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Getting To Know Severna Park’s “Olde-Est” Community

Judy Tacyn
Judy Tacyn's picture
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September 7, 2017

Olde Severna Park (OSP) dates back to 1906 when Baltimore businessmen wanted to develop the spectacular land along the tranquil Severn River, specifically around Sullivan’s Cove. The Boone railroad station - memorialized in the naming of Boone Trail - provided easy access to Baltimore and Annapolis. The popular and highly sought-after community was registered with the state of Maryland in 1918.

There are currently 400 homeowners in the Olde Severna Park Improvement Association (OSPIA). Fiercely protective of its gorgeous beach and pristine pond area, the association is focused on enhancing the quality of both land and water habitats for native wild and plant life, and reducing erosion and pollution for residents.

The area’s most prized possession is its white-sand beach, known as the Hatton Memorial Beach (named after Severna Park charter member Oscar Hatton), which includes two piers, piling slips, moorings for boaters, kayak storage and a large pavilion that was built by members in 2000. Plans for a new clubhouse are being reviewed with the expectation of approval and completion in the near future.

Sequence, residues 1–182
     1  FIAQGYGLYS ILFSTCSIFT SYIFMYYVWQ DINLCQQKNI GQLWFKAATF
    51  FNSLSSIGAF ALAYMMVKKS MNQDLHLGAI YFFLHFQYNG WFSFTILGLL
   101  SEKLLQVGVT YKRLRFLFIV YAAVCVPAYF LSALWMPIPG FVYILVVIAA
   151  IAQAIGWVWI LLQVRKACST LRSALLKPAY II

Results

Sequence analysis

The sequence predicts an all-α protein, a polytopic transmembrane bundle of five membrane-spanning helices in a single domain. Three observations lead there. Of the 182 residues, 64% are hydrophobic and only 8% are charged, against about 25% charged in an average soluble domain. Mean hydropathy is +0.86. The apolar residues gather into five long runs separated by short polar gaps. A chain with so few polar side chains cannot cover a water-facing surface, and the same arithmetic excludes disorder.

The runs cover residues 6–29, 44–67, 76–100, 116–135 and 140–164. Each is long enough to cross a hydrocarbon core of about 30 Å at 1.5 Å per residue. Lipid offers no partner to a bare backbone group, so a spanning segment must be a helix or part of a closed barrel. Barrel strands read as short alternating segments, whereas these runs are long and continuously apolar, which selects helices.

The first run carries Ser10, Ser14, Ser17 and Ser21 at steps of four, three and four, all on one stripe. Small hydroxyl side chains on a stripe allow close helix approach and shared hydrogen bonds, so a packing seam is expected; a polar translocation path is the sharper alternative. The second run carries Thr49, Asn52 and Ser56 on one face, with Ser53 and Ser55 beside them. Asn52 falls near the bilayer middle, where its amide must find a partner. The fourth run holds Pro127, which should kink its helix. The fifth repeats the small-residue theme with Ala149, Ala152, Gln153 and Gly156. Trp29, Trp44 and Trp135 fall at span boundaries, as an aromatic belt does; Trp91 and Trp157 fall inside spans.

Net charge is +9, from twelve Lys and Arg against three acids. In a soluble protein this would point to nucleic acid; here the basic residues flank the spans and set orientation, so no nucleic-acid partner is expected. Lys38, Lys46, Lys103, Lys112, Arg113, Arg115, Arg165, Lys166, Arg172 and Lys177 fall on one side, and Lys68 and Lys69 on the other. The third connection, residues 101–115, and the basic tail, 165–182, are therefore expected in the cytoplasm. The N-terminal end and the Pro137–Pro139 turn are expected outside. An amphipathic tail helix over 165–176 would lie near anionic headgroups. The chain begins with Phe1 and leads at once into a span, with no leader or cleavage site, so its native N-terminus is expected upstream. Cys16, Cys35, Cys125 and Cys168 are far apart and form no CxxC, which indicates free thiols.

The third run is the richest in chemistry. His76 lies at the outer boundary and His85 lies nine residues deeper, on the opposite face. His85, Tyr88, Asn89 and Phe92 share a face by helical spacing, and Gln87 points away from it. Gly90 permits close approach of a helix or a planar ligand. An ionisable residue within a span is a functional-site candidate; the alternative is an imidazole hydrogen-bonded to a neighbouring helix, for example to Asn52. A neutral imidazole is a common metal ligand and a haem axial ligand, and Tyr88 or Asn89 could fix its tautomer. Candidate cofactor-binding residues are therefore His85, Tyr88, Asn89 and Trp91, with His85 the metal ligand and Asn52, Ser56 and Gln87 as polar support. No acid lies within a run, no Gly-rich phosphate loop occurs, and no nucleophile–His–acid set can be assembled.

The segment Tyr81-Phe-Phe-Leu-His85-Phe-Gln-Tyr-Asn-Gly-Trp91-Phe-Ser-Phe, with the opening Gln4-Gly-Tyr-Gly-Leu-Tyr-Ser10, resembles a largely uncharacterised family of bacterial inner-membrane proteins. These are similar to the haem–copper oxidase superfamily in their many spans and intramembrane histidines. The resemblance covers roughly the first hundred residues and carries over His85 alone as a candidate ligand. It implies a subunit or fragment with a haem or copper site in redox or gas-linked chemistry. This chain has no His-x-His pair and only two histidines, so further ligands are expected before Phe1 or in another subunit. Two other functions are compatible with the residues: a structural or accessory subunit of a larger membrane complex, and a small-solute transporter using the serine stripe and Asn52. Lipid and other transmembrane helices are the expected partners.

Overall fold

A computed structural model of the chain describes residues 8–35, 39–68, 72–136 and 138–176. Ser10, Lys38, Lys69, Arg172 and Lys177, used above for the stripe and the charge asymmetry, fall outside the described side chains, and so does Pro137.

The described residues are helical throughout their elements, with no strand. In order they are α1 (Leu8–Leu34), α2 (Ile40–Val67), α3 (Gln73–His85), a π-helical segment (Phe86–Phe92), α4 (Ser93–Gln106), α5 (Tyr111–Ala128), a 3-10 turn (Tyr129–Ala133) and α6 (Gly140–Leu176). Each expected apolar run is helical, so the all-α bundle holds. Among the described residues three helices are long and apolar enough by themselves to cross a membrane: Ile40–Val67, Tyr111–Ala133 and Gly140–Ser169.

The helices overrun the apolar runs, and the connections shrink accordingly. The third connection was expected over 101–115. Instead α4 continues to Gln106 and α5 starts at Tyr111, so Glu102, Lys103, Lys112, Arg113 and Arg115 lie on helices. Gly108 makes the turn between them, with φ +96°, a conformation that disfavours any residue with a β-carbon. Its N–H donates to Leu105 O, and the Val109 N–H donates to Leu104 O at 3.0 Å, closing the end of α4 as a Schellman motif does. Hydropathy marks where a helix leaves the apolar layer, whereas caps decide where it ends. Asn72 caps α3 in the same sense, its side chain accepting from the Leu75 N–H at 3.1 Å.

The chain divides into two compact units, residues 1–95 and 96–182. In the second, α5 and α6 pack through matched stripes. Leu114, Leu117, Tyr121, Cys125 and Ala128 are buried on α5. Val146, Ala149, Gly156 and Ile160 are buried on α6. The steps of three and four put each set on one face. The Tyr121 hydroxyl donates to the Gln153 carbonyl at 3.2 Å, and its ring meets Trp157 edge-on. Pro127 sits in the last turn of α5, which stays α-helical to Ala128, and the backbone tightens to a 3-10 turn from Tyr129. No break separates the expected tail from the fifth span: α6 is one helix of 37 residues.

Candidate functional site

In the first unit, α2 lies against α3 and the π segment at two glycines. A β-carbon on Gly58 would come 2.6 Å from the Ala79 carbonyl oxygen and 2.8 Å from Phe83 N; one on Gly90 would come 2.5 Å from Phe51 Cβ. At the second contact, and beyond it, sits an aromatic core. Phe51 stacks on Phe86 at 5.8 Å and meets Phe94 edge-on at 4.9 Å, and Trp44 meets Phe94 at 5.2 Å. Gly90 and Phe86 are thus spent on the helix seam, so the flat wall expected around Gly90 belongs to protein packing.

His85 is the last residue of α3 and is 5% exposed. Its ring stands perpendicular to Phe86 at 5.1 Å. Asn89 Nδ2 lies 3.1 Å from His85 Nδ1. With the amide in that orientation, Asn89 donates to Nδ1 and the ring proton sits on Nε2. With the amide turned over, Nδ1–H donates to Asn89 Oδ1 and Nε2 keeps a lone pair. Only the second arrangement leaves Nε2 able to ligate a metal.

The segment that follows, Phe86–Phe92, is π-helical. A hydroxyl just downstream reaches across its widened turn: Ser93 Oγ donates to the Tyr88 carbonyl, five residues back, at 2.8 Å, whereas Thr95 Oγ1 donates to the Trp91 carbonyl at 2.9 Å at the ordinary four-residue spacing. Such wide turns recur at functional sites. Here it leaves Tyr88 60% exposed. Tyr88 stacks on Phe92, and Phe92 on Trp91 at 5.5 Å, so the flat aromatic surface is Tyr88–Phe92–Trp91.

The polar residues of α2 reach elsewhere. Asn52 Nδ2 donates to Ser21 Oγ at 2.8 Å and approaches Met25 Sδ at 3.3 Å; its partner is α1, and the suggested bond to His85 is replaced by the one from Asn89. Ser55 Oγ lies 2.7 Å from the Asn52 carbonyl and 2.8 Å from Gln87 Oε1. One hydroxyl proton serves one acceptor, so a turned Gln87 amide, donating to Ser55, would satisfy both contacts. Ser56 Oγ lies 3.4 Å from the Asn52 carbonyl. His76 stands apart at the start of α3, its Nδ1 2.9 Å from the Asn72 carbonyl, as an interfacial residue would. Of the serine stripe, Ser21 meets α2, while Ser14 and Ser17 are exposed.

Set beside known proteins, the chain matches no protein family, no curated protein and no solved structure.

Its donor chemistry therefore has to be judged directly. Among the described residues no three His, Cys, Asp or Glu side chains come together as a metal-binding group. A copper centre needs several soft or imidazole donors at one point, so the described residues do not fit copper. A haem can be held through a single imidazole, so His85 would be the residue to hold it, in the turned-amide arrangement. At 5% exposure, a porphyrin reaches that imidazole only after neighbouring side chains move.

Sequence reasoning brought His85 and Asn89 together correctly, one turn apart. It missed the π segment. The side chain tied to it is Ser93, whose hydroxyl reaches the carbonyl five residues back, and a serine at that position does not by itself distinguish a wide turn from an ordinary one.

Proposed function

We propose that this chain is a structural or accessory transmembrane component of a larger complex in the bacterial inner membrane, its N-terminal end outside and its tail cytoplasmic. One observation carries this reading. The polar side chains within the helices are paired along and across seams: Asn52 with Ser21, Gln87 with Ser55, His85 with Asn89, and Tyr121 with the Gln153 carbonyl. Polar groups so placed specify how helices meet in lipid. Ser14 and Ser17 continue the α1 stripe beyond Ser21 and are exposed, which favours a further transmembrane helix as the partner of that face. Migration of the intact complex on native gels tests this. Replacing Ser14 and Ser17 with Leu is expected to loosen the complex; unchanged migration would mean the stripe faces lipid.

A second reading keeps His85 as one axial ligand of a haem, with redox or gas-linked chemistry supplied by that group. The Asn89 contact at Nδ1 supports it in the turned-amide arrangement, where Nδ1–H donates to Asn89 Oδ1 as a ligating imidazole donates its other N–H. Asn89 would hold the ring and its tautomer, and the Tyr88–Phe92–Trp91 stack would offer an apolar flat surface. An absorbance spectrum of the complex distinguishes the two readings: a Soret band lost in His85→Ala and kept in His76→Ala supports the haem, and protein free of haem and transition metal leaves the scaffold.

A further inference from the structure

“Our most endearing feature is our beach on Sullivan’s Cove,” said longtime OSP resident and OSPIA president Newth Morris. “We work hard to strike a balance in maintaining our natural setting while still offering amenities that are attractive to all of our families, especially those with young children.”

Considered by many to be one of the most walkable neighborhoods in Severna Park, OSP is just steps from the B&A Trail, the library and local shops. Many young adults raise their families in Olde Severna Park because of the walking distance to both Severna Park Elementary School and Severna Park High School. There are many second- and third-generation families in the community, further demonstrating how much homeowners love the beauty and conveniences afforded to the close-knit community.